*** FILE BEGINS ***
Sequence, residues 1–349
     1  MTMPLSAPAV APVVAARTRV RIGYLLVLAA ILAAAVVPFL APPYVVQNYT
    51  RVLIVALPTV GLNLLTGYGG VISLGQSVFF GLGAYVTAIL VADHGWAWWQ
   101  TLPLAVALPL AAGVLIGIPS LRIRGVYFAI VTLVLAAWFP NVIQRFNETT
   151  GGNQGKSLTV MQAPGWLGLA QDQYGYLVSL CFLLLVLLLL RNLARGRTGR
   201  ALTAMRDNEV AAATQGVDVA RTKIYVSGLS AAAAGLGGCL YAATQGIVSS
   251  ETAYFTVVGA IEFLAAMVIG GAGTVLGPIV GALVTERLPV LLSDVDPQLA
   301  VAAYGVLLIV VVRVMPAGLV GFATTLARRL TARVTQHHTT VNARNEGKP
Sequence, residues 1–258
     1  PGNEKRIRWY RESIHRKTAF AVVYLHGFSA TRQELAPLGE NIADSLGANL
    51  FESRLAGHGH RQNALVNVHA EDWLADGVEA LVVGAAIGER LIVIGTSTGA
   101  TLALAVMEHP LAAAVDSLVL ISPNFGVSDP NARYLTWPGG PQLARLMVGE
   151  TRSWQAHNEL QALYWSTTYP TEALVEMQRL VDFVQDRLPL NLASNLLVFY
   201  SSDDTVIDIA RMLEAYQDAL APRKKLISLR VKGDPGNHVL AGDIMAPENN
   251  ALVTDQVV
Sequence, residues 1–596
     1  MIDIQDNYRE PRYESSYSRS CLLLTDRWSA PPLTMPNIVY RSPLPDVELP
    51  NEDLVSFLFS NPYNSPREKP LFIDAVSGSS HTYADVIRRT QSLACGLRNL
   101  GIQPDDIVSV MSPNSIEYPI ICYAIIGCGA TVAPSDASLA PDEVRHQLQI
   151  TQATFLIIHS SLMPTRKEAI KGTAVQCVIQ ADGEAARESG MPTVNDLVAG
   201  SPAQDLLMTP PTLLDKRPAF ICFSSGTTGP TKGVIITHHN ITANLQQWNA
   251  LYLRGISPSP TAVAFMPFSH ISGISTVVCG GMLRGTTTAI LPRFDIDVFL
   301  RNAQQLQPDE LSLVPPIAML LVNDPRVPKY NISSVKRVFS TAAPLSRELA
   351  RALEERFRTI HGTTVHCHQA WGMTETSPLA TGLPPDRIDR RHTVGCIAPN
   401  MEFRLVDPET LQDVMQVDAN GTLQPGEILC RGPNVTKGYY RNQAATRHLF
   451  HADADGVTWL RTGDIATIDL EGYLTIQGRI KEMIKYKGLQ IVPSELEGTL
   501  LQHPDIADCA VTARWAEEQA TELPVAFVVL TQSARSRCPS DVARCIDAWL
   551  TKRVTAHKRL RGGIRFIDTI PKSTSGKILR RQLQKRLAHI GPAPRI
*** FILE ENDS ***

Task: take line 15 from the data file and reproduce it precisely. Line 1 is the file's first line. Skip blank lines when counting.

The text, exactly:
   251  ALVTDQVV